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Welcome to Our Patch of Heaven!

Howdy friends! In honor of our 100th year in operation (it's incredible!), the Bar Lazy J is going high-tech! Now not to worry--there's still none of that allowed here while you're on vacation, but while you're away and anxious to keep up with what's going on (or you just need your "ranch fix"), come check in on our ranch blog where you'll find hoards of photos, we'll follow our staff and you'll hear all the latest happenings first! Of course reading about it isn't nearly as good as the real thing, so we hope to see you out on the trail real soon, but until then, check out what's happening and leave your comments--we love to see that our friends have stopped by! Happy trails everyone!

Monday, April 29, 2013

Ode to Mud Season



        You’ll often hear people in these parts talk about the beauty of ALL the seasons in Colorado. Even I have said that we wish all of our guests could see both the subtle and dramatic differences each season brings: the wildflowers in the Spring, the star-filled skies at a campfire in the summer, the changing aspens in the Fall and the snow-coved trees and landscapes in the winter. Truly the mountains are a sight to see at any time of year. Well….almost any time of year….

       It seems we tend to forget we have one season here not taught to others in grade school. The 5th (and not so beloved by the vast majority of folks) season is what we call “Mud Season”. Mud Season?  What’s that? we’re often asked. Well let me give you an exclusive insiders peek at our “less favorite” months of the year. The time between February and June when the weather is unpredictable, the storms are often sudden and fierce and the snow is wet, wet, wet.IMG_4426IMG_4392IMG_4427

       First of all, January and February are usually the coldest months. This year was no exception. By the time March rolls around and temps start getting into the 30s again, you feel like Spring is right around the corner! The snow will start to melt—often completely if there are even just a few days of consecutive warmth and the sun is shining. 35 degrees feels like t-shirt weather and Spring fever is well on it’s way in. One might start to have thoughts of putting away their snow boots and heavy coats….IMG_3831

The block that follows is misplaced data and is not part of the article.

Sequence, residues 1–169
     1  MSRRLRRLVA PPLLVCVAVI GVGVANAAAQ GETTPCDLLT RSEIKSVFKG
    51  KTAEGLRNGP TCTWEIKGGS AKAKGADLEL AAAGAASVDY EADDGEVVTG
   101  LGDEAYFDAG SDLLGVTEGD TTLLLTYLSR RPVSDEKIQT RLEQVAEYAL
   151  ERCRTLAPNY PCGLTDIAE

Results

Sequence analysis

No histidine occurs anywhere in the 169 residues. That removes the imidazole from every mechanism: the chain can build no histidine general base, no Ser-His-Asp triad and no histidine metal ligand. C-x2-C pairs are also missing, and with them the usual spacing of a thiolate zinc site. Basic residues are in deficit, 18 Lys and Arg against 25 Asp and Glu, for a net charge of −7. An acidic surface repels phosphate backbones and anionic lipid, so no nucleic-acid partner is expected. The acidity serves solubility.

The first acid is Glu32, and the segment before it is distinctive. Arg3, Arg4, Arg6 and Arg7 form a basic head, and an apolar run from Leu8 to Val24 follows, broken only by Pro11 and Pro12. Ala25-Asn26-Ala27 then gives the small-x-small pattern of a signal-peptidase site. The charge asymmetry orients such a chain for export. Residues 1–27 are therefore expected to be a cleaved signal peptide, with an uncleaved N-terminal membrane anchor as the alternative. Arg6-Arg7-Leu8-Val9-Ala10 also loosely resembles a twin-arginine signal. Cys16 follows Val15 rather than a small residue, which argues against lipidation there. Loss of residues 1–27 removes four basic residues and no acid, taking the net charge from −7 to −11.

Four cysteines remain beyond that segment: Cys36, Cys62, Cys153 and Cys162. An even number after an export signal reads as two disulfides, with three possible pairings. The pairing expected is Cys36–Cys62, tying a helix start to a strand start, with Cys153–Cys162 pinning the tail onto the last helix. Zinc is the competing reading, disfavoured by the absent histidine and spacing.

…only to have eight more inches dump overnight. 903334_10151462628974864_281329461_oIMG_4174

        That too will melt over the next week and instead of snow boots you’ll need mud boots as the puddles build. But as soon as your driveway dries out?… They’ll be more snow in the forecast. Thus begins the cycle of mud season. And hence the name. Snow and melt. Snow and melt. Rinse and repeat.


        So if you live on a ranch (we do) and have lots of animals (we do) and work outside (we definitely do), we do NOT recommend light colored carpets, shoes that aren’t completely waterproof (your fancy high heels would be a total fashion flub), or clothes you mind getting dirty. You quickly realize why so many homes have hardwood or tile flooring out here!  (And why Carhartts come in all those dark colors….)IMG_4480

       But then again….I concede. When you think about what mud season really means, you can find the beauty in it after all. It’s one big wake-up drink for all the plants that went dormant for those long winter months. It’s a huge swell in the rivers and reservoirs that will provide water to every living thing in the county—including the hay fields that will feed our horses, the wildlife and the fish in our streams where many of you will be with your waders very soon. The bigger the mud season, the greener our summer and the more wildflowers we’ll see covering the mountainsides in just another month or two. Last summer we had no mud season at all and it was a dry dangerous summer with low water everywhere. The animals couldn’t find food and moved to lower elevations (remember the bears?) and all over there were fires and dangers of fire across the state. Any kind of open flame was prohibited for months. This year, although we’ve been dumped on and dumped on some more while the rest of the world looks on in sympathy, we are thanking the heavens and welcoming the weather no one else wants.

        Those of us that call this home have simply learned to adapt. The animals have to be a little tougher (all the cows are even having their babies right now!),


the vehicles have to be a little sturdier,


the plants a little heartier,


and the people a little crazier! Ha!904465_10151462632214864_1673931454_o